103-year-old ‘Hurricane’ Hawkins becomes oldest woman to compete on American track

ALBUQUERQUE, N.M. — At 103, Julia “Hurricane” Hawkins has cemented her title as the oldest woman to compete on an American track after finishing the 50- and 100-meter dashes at the National Senior Games in New Mexico, event organizers say.

The Louisiana resident already holds the world record for her age group in the 100-meter dash. She didn’t beat her previous best Tuesday but crossed the line in just over 46 seconds.

On Monday, she was clocked at 21.06 in the 50-meter event, which appears to be a Senior Games record for the women’s 100-plus age division. That’s because she’s the first to compete in that category.

She says a combination of things keep the retired teacher going — from yardwork around her home in Baton Rouge to the challenges of competition.

“I keep active all the time,” she said. “I have an acre of land. I work in it all the time. I have 30 bonsai bushes — some are 40 or 50 years old. That keeps me busy.”

She started cycling competitively in her 80s, participating in the senior Olympics.

When she became the only competitor in her division, her children suggested she try running. She liked the idea of competing in the 100-meter dash at age 100.

Her knees, back and hips feel fine; she credits years of cycling for her strong legs. But she says her eyesight is troubling her.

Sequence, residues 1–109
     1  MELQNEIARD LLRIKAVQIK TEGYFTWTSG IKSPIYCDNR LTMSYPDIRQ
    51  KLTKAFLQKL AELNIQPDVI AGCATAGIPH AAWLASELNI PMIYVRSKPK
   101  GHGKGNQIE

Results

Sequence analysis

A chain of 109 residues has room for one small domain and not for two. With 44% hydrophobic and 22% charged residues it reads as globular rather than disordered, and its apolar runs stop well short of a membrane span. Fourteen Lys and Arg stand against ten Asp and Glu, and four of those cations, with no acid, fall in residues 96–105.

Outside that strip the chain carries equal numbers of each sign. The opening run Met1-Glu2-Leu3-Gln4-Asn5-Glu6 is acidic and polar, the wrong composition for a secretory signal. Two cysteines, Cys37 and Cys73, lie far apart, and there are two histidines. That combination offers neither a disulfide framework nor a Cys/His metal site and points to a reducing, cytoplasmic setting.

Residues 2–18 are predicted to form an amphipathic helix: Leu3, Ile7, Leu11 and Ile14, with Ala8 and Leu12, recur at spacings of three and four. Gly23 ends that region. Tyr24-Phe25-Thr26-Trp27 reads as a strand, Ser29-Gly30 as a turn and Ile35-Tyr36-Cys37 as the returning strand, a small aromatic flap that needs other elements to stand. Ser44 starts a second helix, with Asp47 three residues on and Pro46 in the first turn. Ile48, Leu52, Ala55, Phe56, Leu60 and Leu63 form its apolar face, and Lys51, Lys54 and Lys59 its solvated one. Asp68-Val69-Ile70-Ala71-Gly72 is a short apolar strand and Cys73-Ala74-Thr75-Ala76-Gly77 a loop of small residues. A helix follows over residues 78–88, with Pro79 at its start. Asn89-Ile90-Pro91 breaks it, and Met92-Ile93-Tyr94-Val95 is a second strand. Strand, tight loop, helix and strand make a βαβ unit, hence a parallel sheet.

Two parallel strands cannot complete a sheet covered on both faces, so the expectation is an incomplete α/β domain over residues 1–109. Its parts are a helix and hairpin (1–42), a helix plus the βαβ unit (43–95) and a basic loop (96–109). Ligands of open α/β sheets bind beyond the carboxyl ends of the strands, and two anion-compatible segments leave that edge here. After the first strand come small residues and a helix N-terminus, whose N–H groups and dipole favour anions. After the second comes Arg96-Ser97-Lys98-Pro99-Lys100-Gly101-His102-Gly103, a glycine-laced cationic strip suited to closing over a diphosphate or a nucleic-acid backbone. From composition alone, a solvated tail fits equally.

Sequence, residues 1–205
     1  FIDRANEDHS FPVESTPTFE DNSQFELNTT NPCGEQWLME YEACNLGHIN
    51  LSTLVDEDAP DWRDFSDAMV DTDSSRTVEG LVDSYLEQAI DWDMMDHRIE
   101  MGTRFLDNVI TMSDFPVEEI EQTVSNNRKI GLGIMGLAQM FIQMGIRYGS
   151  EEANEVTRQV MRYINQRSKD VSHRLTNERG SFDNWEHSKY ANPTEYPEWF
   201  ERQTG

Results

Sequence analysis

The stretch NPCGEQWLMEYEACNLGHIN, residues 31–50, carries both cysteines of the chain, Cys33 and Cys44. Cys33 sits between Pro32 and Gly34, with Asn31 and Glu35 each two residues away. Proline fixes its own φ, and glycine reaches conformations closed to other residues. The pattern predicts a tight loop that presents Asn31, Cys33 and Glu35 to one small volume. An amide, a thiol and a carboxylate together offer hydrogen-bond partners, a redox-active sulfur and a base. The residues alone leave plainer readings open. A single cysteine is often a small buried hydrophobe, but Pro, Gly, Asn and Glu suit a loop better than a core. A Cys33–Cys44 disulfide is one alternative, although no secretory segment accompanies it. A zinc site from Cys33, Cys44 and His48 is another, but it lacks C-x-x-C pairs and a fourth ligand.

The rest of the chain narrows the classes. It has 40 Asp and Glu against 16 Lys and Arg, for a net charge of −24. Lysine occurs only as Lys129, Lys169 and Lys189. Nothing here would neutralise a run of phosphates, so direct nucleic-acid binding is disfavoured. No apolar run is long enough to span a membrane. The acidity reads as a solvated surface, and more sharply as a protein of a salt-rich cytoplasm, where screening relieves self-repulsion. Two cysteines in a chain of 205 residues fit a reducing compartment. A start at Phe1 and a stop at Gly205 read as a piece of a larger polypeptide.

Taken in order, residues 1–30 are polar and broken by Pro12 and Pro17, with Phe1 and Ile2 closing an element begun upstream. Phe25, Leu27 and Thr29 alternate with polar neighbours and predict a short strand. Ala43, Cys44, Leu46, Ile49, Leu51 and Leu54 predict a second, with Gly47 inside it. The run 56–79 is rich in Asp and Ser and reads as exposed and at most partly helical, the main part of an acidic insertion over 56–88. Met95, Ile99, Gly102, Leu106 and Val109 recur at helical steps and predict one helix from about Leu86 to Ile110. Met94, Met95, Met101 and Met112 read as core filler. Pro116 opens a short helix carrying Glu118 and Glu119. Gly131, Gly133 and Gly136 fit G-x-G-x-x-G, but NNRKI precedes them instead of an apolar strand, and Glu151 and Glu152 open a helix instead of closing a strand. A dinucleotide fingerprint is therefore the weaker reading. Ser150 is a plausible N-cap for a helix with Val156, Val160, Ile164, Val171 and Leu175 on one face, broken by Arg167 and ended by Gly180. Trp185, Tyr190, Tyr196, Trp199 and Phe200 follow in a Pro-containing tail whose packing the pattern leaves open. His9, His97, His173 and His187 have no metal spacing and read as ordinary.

“I keep worrying about that. You feel a little less able when something like this happens,” she told the Albuquerque Journal. “I’m hoping I can see well enough to stay in the white lines.”

Born on Feb. 9, 1916, Hawkins graduated with a teaching degree from Louisiana State University in 1938.

That’s where she met her future husband, Murray Hawkins. She taught for a while in Honduras while he served in the Navy.

After surviving the bombing of Pearl Harbor, he asked her to marry him. They had four children.

She says eating right and not drinking or smoking has helped her longevity.

She has a simple goal on the track.

“I hope I’m inspiring them to be healthy and to realize you can still be doing it at this kind of an age,” she said.

A record 13,712 athletes are participating in this year’s Senior Games, which will conclude June 25.

New Mexico Gov. Michelle Lujan Grisham, local officials and organizers celebrated the athletes during a special event Wednesday night.

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